Review: Time for ‘Timon’

Timon (Brian Hartz, center) is finally losing patience with the artist (Bradford Reilly, left) and poet (Taylor Cox) who had been so eager to take his money in Shakespeare's "Timon of Athens," presented by Casey Ross Productions at the 2015 Bard Fest in Carmel, Ind.
Timon (Brian Hartz, center) is finally losing patience with the artist (Bradford Reilly, left) and poet (Taylor Cox) who had been so eager to take his money in Shakespeare’s “Timon of Athens,” presented by Casey Ross Productions at the 2015 Bard Fest in Carmel, Ind. — CRP photo

By John Lyle Belden

You’ve heard the phrase, “generous to a fault” – now see the consequences play out in Casey Ross Production’s “Timon of Athens” during the Bard Fest Shakespeare Festival in downtown Carmel.

In Shakespeare’s least-produced play, which, having elements of both his comedies and tragedies, Ross considers a black comedy, Athenian nobleman Timon (played by Brian G. Hartz) lavishes his wealth on friends and hangers-on, overpaying for art and giving to all who ask – or even don’t ask, but are there to receive it.

Only his steward, Flavius (Colin McCord), sees the danger of Timon’s dwindling fortunes. And only the self-denying philosopher Apemantus (Carey Shea) refuses to accept any gifts, making him the only one Timon is suspicious of, rather than the leeches at his banquet.

When Flavius finally gets through to Timon, the nobleman is broke – even his lands are forfeit. The “friends” who received so generously will give him nothing, so a disgusted Timon leaves the city to live in the wilderness. Even the discovery of a cache of gold does not make Timon happy, other than his mad glee to use the found fortune to curse Athens while keeping nothing for himself.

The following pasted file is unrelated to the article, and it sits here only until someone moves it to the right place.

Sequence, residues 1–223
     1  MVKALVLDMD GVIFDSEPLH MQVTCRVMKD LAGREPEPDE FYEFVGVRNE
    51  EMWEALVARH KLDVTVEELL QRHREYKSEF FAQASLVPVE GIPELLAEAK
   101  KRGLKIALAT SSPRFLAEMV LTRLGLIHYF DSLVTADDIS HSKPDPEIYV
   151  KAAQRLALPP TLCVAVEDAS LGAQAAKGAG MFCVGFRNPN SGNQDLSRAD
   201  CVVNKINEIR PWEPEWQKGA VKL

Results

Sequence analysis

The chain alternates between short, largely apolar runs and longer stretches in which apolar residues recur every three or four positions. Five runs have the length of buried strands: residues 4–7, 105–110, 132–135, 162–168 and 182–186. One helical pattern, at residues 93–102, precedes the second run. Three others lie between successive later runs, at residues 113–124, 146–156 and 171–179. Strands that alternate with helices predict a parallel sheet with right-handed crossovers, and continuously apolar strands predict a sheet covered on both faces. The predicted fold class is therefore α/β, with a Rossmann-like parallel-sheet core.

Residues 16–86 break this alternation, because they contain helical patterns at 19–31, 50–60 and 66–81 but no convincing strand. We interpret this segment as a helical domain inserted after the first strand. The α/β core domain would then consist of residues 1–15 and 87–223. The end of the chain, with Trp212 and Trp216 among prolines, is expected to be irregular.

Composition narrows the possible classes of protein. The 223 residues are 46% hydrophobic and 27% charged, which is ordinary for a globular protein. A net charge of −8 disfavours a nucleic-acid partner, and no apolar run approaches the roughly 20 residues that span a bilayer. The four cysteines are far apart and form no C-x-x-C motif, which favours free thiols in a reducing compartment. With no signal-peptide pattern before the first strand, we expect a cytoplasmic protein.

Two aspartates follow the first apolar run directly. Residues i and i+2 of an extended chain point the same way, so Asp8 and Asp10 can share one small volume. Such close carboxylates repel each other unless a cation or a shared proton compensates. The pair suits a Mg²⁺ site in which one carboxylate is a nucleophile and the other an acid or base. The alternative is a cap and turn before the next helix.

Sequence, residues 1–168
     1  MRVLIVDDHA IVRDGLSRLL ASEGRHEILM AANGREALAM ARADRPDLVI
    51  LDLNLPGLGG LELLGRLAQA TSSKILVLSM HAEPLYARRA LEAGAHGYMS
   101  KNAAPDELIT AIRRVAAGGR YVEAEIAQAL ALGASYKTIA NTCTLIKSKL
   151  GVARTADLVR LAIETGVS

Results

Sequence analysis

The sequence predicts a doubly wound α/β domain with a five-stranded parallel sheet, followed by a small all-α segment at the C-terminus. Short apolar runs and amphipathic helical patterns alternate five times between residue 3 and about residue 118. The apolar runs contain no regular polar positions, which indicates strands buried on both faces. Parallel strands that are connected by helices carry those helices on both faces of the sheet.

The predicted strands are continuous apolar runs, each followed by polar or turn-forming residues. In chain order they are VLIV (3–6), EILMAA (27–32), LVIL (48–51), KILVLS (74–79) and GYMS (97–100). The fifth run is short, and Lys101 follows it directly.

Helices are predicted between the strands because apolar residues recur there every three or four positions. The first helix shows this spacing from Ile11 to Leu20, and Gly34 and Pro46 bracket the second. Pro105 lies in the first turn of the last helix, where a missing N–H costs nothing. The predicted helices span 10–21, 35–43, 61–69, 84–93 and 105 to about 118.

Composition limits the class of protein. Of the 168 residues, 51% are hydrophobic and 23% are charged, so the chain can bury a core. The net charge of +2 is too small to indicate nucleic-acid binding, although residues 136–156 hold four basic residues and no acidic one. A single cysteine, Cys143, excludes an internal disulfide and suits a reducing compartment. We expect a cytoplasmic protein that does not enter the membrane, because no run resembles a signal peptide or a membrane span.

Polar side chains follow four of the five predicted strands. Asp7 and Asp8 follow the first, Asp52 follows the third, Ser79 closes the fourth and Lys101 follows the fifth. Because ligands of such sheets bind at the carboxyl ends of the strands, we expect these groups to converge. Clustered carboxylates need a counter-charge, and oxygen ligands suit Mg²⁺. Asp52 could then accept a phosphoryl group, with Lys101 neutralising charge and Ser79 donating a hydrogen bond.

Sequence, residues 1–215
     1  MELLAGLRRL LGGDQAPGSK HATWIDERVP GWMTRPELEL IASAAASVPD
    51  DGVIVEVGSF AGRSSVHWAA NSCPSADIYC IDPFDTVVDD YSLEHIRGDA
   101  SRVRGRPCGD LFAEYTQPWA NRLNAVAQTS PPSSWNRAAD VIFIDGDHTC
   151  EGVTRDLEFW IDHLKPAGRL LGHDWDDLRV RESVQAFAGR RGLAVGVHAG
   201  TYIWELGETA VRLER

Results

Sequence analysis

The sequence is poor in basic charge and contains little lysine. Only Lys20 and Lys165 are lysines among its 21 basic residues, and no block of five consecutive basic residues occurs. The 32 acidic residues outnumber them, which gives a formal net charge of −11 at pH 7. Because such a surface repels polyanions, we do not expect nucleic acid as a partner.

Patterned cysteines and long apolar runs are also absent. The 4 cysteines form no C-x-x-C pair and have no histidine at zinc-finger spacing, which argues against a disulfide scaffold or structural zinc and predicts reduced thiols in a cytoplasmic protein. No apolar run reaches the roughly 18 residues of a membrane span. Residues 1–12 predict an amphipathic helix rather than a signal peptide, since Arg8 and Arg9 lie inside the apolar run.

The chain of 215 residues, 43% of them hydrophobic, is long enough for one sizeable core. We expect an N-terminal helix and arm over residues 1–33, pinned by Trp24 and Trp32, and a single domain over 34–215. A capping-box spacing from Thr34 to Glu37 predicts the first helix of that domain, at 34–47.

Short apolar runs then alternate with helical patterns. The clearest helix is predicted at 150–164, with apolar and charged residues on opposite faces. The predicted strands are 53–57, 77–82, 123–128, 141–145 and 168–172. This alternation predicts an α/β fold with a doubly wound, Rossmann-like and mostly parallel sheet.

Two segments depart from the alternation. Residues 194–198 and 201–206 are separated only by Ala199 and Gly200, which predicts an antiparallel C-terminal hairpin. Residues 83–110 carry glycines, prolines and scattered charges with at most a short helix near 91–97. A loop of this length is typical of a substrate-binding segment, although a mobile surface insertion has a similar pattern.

Hartz is in his element with this complex character, keeping him easy to root for as both the generous noble of the first act and the wild man in the woods of the second. Shea is a worthy foil; McCord is sharp as the faithful servant; and Tristan Ross takes on yet another Shakespeare role with ease as the exiled Athenian general Alcibiades. Notable are Bradford Reilly and Taylor Cox as the painter and poet who seek Timon’s patronage for a life of leisure, but all are well cast, including Tom Weingartner, David Mosedale, Allyson Womack and Minnie Ryder.

As both parable and intriguing drama, “Timon” is worth making the effort to see, and kudos to Ross for tackling the difficult job of polishing this rare gem. Upcoming performances are 8 p.m. Friday; 2 p.m. Sunday; 8 p.m. Thursday, Oct. 15; and 8 p.m. Saturday, Oct. 17.

The festival also hosts performances of the comedy “As You Like It” by First Folio and the tragedy of “Othello” by Garfield Shakespeare Company. In addition, Ross hosts Shakespeare trivia contests during the festival, as well as a performance of her latest Fringe play, “Hell’s 4th Ring: The Mall Musical” at 11 p.m. Saturday, Oct. 17.

The stage is located at 15 First Ave. NE in the Carmel downtown Arts and Design District (former location of Carmel Community Players). For information and tickets, visit the the Carmel Theatre Company website.

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